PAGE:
Archive | Favorite writings by others RSS feed for this section

One of these days . . .

8 Jan

Whenever I listen to this song by the Christian contemporary group FFH (Far From Home), it always makes me think of Sammy and others who are challenged by physical bodies which limit their abilities and freedom.

One of these I’m gonna fly
Over the mountain
One of theses days I’m gonna ride
On the silver lining
One of these days I’m gonna witness
All I’ve been missing
One of these days

One of these days I’m gonna do
All the things I’ve never done
I’m gonna finish all the races
That I’ve run but I’ve never won
I’m gonna see a million faces
And recognize every one
One of these days

One of these days
I’m gonna see the hands
that took the nails for me
One of these days
I’m gonna hold the keys
to the mansion built for me
One of these days
I’m gonna walk the streets of gold
that were paved for me
One of these days
I’m gonna see my Savior face to face
One of these days

One of these days I’m gonna see
Just what became of me
On the day that I believed
And you took myself from me
And I believe that I will see
What I’d have been if you didn’t save me
One of these days

One of these days I’m gonna talk
With all the saints that have gone before
In their sandals I will walk
And we will sit upon the shore
And I will learn all the things
That I never knew before
All this and more

One of these days I’m gonna be
In a place where there’s no more need
No more pain and no more grief
No more foolish disbelief
Ah the joy that there will be
When at last we finally see
One of these days

I’m gonna see my Jesus face to face
One of these days

Dandelions from Heaven

11 May

Dandelions from Heaven (Author Unknown)

Mothers Day is coming…and I wanted to send you a sign…
Something you can tell others…”Is from an angel of mine”.
So I searched the Heavens high and low for that perfect thing…
And low and behold I found it….and a smile I hope it will bring.

So when you look to the Heavens and see the yellow stars in the sky.
Just think of me…your angel…in the Heavens way up high…
And just imagine those stars…are dandelions up above…
Yes! Dandelions are also in Heaven, which you know how much I love.

So on this Mothers Day…when you awake and feel blue…
You will notice those yellow stars…are no longer in view…
So just look to the meadows and the dandelions you see…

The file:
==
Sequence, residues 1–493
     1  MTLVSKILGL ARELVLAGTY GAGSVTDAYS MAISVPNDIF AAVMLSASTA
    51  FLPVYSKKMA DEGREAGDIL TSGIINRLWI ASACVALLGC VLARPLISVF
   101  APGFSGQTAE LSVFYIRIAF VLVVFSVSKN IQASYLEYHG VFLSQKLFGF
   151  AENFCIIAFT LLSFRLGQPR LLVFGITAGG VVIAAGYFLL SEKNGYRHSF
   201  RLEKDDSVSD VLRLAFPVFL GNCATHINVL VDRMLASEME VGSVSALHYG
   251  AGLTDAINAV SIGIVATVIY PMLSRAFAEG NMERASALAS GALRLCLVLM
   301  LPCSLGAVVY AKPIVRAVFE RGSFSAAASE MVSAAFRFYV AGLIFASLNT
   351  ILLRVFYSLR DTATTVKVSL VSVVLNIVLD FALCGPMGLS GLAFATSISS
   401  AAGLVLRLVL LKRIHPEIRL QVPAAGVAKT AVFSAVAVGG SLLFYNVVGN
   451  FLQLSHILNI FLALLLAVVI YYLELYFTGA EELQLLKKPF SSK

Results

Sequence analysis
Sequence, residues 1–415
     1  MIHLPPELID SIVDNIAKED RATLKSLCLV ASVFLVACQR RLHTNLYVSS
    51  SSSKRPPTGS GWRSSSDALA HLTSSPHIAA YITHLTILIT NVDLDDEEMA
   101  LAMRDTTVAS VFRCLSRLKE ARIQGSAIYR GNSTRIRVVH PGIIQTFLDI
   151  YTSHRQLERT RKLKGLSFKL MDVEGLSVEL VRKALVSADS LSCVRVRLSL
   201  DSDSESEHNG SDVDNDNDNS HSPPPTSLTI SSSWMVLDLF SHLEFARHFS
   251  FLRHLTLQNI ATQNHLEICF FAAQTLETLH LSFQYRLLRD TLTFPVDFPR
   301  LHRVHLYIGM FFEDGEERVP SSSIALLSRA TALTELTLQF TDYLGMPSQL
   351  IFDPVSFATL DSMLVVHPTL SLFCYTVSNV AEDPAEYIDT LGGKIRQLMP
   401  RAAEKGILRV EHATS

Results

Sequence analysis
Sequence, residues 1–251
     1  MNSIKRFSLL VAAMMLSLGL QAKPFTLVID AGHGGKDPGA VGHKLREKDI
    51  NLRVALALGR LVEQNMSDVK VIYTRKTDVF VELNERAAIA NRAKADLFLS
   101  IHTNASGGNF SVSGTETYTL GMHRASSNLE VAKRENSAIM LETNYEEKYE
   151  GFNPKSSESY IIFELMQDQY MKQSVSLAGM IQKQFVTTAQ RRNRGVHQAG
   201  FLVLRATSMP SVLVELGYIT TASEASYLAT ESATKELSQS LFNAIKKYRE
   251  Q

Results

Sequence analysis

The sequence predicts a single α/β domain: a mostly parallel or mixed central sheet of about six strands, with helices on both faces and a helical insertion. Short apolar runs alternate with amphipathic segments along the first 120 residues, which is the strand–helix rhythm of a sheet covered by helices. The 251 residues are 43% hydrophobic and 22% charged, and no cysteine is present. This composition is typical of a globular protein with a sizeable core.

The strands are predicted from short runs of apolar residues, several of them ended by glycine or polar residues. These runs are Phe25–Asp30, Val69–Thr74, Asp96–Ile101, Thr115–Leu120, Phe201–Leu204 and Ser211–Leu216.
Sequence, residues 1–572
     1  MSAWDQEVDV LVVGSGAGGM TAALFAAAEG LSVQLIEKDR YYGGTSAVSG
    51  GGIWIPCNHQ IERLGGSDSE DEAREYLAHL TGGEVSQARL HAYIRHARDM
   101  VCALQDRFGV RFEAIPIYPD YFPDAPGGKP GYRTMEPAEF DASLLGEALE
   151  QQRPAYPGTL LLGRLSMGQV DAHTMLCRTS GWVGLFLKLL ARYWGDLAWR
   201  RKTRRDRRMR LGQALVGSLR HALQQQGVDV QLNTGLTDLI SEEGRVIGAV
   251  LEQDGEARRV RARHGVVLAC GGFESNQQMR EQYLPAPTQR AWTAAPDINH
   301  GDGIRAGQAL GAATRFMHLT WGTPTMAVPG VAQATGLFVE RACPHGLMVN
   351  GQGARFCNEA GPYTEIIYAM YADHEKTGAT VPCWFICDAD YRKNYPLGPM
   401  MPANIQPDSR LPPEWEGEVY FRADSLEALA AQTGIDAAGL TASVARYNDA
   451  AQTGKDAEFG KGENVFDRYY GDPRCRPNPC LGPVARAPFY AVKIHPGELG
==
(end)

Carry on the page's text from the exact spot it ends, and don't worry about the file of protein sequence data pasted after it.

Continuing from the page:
Are the ones I’ve tossed down this Mothers Day from me!

And when you find a dandelion that has turned from yellow to white…
You’re supposed to make a wish…and then blow with all your might.
For you will be blowing kisses…to me in Heaven above….
And I will be catching them and blowing them back…sent with all my love.

Please know that I am with you…on this Mothers Day…
And also in the days ahead…God and I will never stray…
We will be with you in the morning…when you wake and see the sun…
We will be with you when you say your prayers…when the day is done.

For God and I will never be…very far from your side…
For I can now be everywhere…and God will be your guide…
So…remember when you see dandelions…it’s your guarantee…
That I am always close to you…For dandelions are free to roam…now just like me.

The Power of the Powerless

1 Sep

This is dedicated to Oliver, Sammy, and all of those who are perceived to be powerless, yet have great power and influence on the hearts and lives of the people who have had the privilege to hear their stories.

Photo by JJ Kaplan – Color My World Studios

THE POWER OF THE POWERLESS – by Christopher de Vinck

I grew up in the house where my brother was on his back in his bed for thirty-two years, in the same corner of his room, under the same window, beside the same yellow walls. He was blind, mute. His legs were twisted. He didn’t have the strength to lift his head or the intelligence to learn anything. Oliver was born with severe brain damage which left him and his body in a permanent state of helplessness.

Today I am an English teacher, and each time I introduce my class to the play about Helen Keller, The Miracle Worker, I tell my students the story about Oliver. One day, during my first year of teaching, I was trying to describe Oliver’s lack of response, how he had been spoon-fed every morsel he ever ate, how he never spoke. A boy in the last row raised his hand and said, “Oh, Mr. de Vinck. You mean he was a vegetable.”

I stammered for a few seconds. My family and I fed Oliver. We changed his diapers, hung his clothes and bed linens on the basement line in winter, and spread them out white and clean to dry on the lawn in the summer. I always liked to watch the grasshoppers jump on the pillowcases. We bathed Oliver, tickled his chest to make him laugh. Sometimes we left the radio on in his room. We pulled the shade down on the window over his bed in the morning to keep the sun from burning his tender skin. We listened to him laugh as we watched television downstairs. We listened to him rock his arms up and down to make the bed squeak. We listened to him cough in the middle of the night. “Well, I guess you could call him a vegetable. I called him Oliver, my brother. You would have loved him.”